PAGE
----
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- story by MaterialDistrict
Developing a new material is always a stimulating challenge. It is not about inventing something. The main objective is to combine pre-existing materials in such a way that the final result guarantees performance in accordance with the intended use. This is the case with the use of ceramics as a recovered by-product so that it can have a new life cycle.
Thinking of ceramics as the element to be bonded, while respecting the concepts of zero kilometre products and the circular economy, for the remaining components of this new life cycle it is necessary to study the relationship between ceramics, stone materials as compatible aggregates and natural cement as a binder (or a cement with a low environmental impact), all of which can be found in Mallorca.
The result is an aggregate that has high hygroscopic properties with a resistance suitable for use in different solutions for construction, building and renovation, and, although the use of ceramic material limits the structural performance of paving stones for traffic and heavy loads, the great hygroscopic and draining properties of this material allows a high level of water filtration and lets water to naturally seep into the ground, or be captured and retained in lower layers for subsequent reuse or controlled drainage.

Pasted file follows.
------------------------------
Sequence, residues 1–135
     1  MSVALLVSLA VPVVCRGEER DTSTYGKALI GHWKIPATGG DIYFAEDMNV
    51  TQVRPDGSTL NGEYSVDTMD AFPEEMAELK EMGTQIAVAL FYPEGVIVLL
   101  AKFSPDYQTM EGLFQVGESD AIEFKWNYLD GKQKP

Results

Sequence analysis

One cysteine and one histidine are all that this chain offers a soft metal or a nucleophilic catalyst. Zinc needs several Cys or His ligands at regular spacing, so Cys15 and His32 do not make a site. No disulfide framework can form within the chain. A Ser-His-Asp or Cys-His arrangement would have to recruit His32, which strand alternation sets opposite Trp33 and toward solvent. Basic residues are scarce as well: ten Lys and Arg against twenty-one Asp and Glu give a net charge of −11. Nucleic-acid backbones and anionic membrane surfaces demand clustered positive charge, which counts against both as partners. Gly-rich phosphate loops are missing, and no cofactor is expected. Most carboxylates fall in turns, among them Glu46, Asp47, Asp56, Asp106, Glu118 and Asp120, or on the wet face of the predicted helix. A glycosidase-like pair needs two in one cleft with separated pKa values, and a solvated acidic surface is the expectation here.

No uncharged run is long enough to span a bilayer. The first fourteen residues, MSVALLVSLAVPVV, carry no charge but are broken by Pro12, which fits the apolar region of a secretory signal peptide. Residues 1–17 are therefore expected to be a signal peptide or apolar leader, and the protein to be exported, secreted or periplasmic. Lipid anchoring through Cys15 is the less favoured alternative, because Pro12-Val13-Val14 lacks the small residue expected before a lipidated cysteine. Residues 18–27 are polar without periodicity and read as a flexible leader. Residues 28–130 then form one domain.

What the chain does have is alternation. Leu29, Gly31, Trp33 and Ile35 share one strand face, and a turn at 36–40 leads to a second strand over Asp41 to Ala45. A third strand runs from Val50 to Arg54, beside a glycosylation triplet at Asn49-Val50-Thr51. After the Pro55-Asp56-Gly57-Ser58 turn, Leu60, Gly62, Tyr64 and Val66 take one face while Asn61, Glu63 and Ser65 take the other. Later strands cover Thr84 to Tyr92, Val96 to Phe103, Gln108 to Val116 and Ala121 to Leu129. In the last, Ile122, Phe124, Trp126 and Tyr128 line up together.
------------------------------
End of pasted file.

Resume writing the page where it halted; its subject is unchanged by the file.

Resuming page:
In this way, paving stones can serve as environmentally friendly surfaces for pedestrian networks and non-motorised road traffic, both in terms of their relationship with the natural environment with regard to their constituent materials and in terms of their properties once they have been installed until the end of their useful life cycle.
The carbon footprint of the resulting material is low impact, since it is made up of a high percentage of stone materials with an almost zero CO2 emissions footprint, along with other materials that are obtained from the reuse of ceramic products with no further processing. The binder used contains either natural cements or low environmental impact cements in quantities that in no case exceed 15% of the total material.
85% crushed ceramic + recycled stone
15% stabilised with white cement
Research using local waste materials of inorganic origin: Architectural Constructions and Building Engineering Research Group (UIB/FUEIB).
Research and industrial development: Pavimentos Lloseta
Raw materials: Ladrillerías Mallorquinas, Pavimentos Lloseta
Product design: Nico Guevara, Guillem Aloy, Tònia Fuster